We know Augustine (354-430) intimately through his famous autobiography, The Confessions. He was born in a small market town in what is now Algeria, inland from Carthage, the administrative and cultural center of the African provinces. Here the population still spoke Punic (Phoenician), but the upper classes were Latin speaking, wholly Roman in their outlook, and deeply imbued with the classical traditions of Rome. Prosperous planters lived on their great estates, while peasants toiled in the fields and olive groves.
Of modest means and often at odds with one another, Augustine’s father and his devoutly Christian and possessive mother were determined that he should be given a good education, for this was the path to advancement. But all that his teachers did was force him to memorize classical Latin texts and to comment on them in detail. Augustine was so bored that he never did learn Greek, and so was cut off from the classical philosophers and forced to pick up their ideas at second hand. His parents’ ambitions for him prevented him from getting married at seventeen, like most of his contemporaries. While at school, Augustine took a concubine, with whom he lived happily for fifteen years and by whom he had a son.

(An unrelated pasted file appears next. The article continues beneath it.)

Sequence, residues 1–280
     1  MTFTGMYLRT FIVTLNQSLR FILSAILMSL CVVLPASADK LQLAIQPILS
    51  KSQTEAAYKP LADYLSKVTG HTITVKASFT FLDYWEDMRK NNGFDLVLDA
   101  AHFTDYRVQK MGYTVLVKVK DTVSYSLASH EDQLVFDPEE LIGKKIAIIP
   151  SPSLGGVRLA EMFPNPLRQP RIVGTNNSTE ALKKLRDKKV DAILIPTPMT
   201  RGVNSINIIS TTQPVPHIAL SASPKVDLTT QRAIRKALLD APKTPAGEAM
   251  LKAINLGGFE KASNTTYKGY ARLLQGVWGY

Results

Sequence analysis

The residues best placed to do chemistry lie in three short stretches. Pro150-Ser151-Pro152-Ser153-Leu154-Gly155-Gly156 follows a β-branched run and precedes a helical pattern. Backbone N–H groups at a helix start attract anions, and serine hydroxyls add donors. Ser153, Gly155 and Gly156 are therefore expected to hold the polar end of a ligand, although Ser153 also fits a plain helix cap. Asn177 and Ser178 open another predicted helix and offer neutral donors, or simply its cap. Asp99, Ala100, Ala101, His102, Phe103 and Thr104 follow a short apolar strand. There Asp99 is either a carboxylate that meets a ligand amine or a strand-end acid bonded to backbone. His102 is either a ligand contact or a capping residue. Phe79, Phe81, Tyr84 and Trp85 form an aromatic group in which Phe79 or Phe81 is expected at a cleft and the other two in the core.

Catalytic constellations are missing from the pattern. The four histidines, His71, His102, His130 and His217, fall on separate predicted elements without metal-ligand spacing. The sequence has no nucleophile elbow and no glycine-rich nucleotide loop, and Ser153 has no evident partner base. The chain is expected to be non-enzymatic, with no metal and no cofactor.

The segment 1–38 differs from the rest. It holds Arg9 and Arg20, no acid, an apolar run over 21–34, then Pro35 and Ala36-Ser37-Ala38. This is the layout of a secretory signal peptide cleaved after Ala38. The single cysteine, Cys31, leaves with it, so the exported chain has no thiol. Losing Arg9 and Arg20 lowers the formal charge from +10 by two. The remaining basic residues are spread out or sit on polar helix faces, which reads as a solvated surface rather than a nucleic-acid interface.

Disappointed with his reading of the Bible, which he found insufficiently polished and too confining, Augustine at nineteen joined the Manichaeans. The sect was regarded by pagans and Christians alike as subversive and had been declared illegal. Gone were Augustine’s plans to become a lawyer, as his mother had wished; he determined to learn and teach the Manichaean “wisdom.”
When he went back to his birthplace, his mother was so angry with him for having become a Manichaean that she would not let him into the house. But the static quality of Manichaean belief, the naive(82 of its rituals, and the disappointing intellectual level of its leaders began to disillusion Augustine, and he returned to Carthage to teach rhetoric. Highly placed friends invited him to move to Italy. At twenty-eight he was appointed professor of rhetoric at Milan, the seat of the imperial court. The job required him to compose and deliver the official speeches of praise for the emperor and for the consuls—propaganda for the official programs.